- a rehearsal in which physical action is combined with reading the lines of a play.
- a perfunctory performance of a script.
Origin of walk-through
How to use walk-through in a sentence
And if you want proof of what the country is really all about, just walk through the National September 11 Memorial Museum.Dick Cheney vs. ‘Unbroken’|Mike Barnicle|December 15, 2014|DAILY BEAST
The solution they came up with was the scroll, which let viewers walk through the painting as they unfurled it.The Many Lives of Artist David Hockney|William O’Connor|November 23, 2014|DAILY BEAST
Getting to the stage called for an awkward walk through the bar area.Best Career Arc Ever: From Burlesque To Bartending|Anne Berry|September 13, 2014|DAILY BEAST
When that door opens to sacrifice for Allah will you walk through?The Mystery of Donald Ray Morgan, the 44-Year-Old American Who Loved ISIS|Michael Daly|August 12, 2014|DAILY BEAST
Broken glass crunches under my feet as I walk through the school.Inside the Gaza Schoolyard Massacre|Jesse Rosenfeld|July 26, 2014|DAILY BEAST
He used to walk through the park, and note with pleasure the care that his father bestowed on the gigantic property.The Pit Town Coronet, Volume I (of 3)|Charles James Wills
I want to get into the country; I never walk through a street simply for the pleasure of it.Tessa Wadsworth's Discipline|Jennie M. Drinkwater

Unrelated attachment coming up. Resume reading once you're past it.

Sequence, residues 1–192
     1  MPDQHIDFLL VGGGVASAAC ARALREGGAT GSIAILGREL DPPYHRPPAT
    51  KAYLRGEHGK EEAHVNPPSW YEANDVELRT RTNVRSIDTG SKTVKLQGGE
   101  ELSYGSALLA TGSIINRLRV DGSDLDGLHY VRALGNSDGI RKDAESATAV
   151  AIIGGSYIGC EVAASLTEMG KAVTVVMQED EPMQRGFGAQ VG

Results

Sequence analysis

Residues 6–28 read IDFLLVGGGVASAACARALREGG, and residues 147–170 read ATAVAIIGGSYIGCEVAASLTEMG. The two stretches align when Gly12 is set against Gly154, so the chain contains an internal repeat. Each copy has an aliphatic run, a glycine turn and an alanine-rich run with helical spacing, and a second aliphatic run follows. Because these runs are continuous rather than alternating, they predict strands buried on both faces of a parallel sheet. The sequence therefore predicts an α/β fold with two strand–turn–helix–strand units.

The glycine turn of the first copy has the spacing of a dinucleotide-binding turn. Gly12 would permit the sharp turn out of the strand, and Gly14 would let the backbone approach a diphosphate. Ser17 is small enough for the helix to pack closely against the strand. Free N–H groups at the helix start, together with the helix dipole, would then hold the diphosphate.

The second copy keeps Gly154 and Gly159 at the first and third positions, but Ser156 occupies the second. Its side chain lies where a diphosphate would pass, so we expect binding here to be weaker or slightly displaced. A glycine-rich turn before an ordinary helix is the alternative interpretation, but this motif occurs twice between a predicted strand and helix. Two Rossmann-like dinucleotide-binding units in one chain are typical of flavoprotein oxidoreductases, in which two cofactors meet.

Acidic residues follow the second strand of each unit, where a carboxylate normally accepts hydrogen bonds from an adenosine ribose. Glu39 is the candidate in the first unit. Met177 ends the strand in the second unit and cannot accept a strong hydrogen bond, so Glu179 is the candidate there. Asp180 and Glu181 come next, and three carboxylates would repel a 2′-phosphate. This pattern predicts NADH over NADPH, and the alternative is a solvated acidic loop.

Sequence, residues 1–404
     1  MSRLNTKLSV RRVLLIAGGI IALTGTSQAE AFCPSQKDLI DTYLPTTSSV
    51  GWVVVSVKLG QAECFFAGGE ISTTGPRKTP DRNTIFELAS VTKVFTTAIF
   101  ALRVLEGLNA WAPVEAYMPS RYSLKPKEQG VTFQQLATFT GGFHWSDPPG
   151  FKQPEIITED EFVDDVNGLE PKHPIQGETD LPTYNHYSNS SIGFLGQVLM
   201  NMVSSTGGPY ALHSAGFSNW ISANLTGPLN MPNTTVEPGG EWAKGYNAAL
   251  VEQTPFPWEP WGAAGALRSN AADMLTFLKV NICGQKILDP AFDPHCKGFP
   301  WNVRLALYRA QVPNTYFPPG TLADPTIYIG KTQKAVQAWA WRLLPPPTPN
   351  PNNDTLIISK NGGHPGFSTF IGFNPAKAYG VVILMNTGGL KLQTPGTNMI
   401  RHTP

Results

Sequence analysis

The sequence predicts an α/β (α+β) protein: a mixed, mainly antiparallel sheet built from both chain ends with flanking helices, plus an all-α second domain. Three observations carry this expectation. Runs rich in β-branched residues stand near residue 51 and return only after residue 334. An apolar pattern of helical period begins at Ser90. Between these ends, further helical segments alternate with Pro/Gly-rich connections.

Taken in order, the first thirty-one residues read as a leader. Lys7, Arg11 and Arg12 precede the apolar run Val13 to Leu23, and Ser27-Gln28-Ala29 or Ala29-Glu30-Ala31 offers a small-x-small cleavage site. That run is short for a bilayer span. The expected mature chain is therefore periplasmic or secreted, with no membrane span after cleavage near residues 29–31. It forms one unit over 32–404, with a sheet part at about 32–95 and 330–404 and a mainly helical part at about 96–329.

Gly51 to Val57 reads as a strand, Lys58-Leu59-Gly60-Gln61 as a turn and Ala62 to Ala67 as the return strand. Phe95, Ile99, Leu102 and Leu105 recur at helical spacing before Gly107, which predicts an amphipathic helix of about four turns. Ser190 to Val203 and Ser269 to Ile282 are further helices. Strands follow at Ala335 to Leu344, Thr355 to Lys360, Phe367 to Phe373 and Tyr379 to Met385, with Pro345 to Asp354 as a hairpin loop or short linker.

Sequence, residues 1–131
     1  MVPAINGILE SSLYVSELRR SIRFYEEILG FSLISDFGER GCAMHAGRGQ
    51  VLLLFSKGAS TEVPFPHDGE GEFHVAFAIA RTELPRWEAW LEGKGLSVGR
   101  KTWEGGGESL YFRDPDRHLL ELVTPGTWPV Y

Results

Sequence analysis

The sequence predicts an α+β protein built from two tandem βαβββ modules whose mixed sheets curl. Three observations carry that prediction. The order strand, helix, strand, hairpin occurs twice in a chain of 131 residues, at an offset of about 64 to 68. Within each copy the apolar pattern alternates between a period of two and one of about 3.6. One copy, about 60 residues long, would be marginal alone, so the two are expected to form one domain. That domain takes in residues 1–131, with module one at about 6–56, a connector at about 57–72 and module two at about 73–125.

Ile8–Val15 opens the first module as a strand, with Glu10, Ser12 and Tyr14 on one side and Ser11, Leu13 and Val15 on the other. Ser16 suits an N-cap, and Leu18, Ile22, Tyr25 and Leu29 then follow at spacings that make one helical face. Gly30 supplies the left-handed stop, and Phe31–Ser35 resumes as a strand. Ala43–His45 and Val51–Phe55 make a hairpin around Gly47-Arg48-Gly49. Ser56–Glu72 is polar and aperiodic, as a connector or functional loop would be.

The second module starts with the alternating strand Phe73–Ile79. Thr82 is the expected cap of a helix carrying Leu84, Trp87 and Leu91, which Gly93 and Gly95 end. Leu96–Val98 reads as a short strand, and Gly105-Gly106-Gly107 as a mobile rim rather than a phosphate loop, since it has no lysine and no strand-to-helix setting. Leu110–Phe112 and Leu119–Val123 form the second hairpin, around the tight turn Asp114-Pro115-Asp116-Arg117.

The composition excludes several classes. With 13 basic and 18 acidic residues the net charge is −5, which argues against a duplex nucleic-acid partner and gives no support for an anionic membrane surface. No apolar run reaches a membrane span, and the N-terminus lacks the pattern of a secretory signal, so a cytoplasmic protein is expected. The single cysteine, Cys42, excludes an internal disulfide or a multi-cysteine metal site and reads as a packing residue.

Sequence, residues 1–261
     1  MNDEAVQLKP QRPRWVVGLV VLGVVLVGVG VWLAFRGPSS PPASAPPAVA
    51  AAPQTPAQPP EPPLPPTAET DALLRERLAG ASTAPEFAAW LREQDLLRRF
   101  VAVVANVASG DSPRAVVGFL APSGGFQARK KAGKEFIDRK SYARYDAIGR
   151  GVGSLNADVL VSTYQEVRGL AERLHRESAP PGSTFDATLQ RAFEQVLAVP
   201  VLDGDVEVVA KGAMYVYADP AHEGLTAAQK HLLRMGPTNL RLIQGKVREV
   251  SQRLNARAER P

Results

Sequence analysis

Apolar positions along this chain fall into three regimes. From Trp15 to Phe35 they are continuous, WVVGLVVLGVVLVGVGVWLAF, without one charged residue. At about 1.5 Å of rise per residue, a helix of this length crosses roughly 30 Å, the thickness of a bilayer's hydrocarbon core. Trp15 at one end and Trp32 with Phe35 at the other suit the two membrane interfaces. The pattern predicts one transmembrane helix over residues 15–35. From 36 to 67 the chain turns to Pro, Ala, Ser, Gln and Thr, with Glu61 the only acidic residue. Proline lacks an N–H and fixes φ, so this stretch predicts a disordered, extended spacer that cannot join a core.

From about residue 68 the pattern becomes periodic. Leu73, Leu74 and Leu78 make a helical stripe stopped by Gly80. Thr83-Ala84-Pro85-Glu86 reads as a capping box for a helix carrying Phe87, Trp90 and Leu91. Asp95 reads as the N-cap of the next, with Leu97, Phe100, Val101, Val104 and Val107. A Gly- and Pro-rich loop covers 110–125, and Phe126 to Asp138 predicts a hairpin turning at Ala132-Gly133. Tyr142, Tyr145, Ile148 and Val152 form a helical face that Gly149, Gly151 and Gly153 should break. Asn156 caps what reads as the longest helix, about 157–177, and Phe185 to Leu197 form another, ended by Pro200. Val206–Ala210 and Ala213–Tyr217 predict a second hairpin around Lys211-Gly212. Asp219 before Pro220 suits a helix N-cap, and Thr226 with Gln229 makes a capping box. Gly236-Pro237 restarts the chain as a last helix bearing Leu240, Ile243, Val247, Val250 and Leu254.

In the first third of my road, which lay along the coast, I counted about thirty-two brooks which we were obliged to walk through.A Woman's Journey Round the World|Ida Pfeiffer
This minister had been accused by his antagonist of having been seen taking a walk through one of the parks on the Sabbath.Friend Mac Donald|Max O'Rell
At Myslovitz I had an indifferent meal, and afterwards went for a walk through the pretty town.The Life & Letters of Peter Ilich Tchaikovsky|Modeste Tchaikovsky
British Dictionary definitions for walk-through
Other Idioms and Phrases with walk-through
Perform in a perfunctory fashion, as in She was just walking through her job, hoping to quit very soon. This idiom originally referred to practicing parts in a play at an early rehearsal. It was applied more broadly from the late 1800s. Also see go through the motions.
walk someone through. Instruct someone carefully, one step at a time, as in He was very helpful, walking me through all the steps in this complex computer program.